H1N1 Swine Flu Officially a Pandemic
Dr. Margaret Chan, Director General of The World Health Organization, in a statement to the press, announced that H1N1 (swine flu) now meets the criteria of a pandemic, raising the alert level from phase five to phase six.
She went on to say,
“A characteristic feature of pandemics is their rapid spread to all parts of the world. In the previous century, this spread has typically taken around 6 to 9 months, even during times when most international travel was by ship or rail. Guidance on specific protective and precautionary measures has been sent to ministries of health in all countries. Countries with no or only a few cases should remain vigilant.
Countries with widespread transmission should focus on the appropriate management of patients. The testing and investigation of patients should be limited, as such measures are resource intensive and can very quickly strain capacities.
WHO has been in close dialogue with influenza vaccine manufacturers. I understand that production of vaccines for seasonal influenza will be completed soon, and that full capacity will be available to ensure the largest possible supply of pandemic vaccine in the months to come.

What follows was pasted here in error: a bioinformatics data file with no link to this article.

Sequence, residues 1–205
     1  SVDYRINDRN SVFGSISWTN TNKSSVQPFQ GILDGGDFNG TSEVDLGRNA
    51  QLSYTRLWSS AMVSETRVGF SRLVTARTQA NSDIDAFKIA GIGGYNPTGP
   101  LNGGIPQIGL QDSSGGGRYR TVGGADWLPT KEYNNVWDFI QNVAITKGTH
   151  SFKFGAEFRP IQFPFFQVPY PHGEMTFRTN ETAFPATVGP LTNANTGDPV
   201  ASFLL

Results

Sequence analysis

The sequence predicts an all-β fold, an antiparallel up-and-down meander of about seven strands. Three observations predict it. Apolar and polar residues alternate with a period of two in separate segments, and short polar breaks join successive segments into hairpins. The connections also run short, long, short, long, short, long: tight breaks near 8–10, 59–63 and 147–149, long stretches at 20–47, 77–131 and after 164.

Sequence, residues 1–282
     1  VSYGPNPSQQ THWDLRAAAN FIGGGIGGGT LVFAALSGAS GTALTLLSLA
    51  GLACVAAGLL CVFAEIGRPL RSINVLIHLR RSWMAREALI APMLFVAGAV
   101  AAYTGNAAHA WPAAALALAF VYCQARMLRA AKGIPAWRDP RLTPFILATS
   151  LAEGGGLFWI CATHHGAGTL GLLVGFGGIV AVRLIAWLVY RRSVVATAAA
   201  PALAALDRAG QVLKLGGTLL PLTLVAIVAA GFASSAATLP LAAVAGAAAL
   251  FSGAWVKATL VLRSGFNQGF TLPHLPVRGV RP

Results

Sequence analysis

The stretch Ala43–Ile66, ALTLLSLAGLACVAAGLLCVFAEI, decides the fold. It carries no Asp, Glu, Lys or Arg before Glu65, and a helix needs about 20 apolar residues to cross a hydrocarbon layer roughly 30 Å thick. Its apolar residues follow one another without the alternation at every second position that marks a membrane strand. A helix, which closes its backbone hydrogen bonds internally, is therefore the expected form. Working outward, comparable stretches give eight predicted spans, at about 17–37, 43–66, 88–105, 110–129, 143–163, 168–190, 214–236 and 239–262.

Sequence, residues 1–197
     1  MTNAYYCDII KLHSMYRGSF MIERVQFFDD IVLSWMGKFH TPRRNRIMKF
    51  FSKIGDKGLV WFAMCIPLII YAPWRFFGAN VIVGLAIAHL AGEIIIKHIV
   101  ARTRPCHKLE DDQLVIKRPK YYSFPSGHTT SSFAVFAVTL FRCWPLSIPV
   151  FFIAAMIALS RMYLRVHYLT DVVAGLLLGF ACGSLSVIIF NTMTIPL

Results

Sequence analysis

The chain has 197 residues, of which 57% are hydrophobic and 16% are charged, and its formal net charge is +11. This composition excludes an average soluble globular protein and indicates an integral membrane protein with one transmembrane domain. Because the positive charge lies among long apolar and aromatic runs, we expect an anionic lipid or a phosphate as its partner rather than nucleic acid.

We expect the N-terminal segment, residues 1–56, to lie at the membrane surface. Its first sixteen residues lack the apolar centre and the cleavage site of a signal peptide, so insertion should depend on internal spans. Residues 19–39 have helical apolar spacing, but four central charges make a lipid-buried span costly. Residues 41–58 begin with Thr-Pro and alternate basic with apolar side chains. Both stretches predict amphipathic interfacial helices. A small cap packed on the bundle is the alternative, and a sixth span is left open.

Pending the availability of vaccines, several non-pharmaceutical interventions can confer some protection.
WHO continues to recommend no restrictions on travel and no border closures.
Influenza pandemics, whether moderate or severe, are remarkable events because of the almost universal susceptibility of the world’s population to infection.
Countries should prepare to see cases, or the further spread of cases, in the near future. Countries where outbreaks appear to have peaked should prepare for a second wave of infection.”
As of this writing, 30,000 cases have been confirmed in 74 countries. The H1N1 strain in a new virus — not previously circulated in humans — and further spread is considered inevitable.
The majority of patients have mild symptoms and make rapid recovery, often without medical care, with the number of deaths worldwide remaining small. Particularly at risk are pregnant women and people with chronic illness, including respiratory disease, diabetes, autoimmune disorders, and cardiovascular disease. However, one third to half of the severe and fatal infections have occurred in previously healthy young and middle-aged people.
Of concern to The WHO is the fact that to date, tracking of the virus has been mostly in well-off countries, leaving questions remaining as to how the virus will manifest itself in developing countries with limited access to vital resources.